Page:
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Copyright © Peter Cappello Abstraction Capture the logical form of a Proposition in English Let g, h, and b be propositions:Let g, h, and b be propositions: g: Grizzly bears have been seen in the area. h: Hiking is safe on the trail. b: Berries are ripe along the trail. Translate the following sentence using g, h, and b, and logical operators:Translate the following sentence using g, h, and b, and logical operators: If berries are ripe along the trail, hiking is safe on the trail if and only if grizzly bears have not been seen in the area.

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Copyright © Peter Cappello 1.If berries are ripe along the trail, hiking is safe on the trail if and only if grizzly bears have not been seen in the area. 2.If b, ( h if and only if g ). 3. b ( h g ).

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Copyright © Peter Cappello Truth Table of a Compound Proposition bhg g g g g h gh gh gh g b ( h g ) TTT TTF TFT TFF FTT FTF FFT FFF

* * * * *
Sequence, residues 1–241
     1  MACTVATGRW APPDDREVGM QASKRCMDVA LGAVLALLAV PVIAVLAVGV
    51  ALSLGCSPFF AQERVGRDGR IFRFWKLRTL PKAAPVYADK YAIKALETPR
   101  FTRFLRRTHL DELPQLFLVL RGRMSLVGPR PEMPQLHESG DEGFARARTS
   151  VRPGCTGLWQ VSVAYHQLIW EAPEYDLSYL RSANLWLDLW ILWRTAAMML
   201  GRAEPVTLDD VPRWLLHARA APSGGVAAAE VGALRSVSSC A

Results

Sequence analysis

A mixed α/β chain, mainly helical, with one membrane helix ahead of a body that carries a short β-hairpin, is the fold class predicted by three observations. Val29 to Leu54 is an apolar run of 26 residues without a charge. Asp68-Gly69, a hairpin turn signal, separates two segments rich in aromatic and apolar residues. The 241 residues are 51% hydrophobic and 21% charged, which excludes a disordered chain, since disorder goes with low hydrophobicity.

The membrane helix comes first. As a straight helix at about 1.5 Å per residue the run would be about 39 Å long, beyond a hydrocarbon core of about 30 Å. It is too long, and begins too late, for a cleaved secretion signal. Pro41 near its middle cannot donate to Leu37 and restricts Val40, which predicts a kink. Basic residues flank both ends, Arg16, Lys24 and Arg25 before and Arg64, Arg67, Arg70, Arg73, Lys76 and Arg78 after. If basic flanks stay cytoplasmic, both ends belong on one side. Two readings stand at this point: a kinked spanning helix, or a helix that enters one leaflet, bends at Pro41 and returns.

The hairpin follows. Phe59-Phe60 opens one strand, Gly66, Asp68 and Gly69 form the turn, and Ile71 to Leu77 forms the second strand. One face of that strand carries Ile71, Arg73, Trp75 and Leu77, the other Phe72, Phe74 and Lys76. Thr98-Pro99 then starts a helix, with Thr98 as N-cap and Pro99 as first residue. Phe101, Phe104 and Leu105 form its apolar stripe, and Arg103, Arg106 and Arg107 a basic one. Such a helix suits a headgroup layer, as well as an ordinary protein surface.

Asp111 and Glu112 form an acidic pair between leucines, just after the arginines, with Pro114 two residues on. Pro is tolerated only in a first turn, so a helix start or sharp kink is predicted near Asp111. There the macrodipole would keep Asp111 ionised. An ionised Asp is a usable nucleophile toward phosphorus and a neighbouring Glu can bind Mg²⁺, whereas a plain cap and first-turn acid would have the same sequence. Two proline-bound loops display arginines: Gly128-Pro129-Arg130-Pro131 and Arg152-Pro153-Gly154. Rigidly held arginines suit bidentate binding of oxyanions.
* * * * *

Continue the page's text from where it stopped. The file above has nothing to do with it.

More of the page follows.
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System Specification Systems are increasing in complexity.Systems are increasing in complexity. e.g., software, hardware, workflow, security, legal Can we know that a system works as intended?Can we know that a system works as intended? 1.Specify a set of desired system properties Each property is expressed as a compound proposition. 2.Verify that such a system is feasible. All compound propositions are simultaneously satisfiable. Z specification languageZ specification language Allow: http://alloy.mit.edu/alloy/ Copyright © Peter Cappello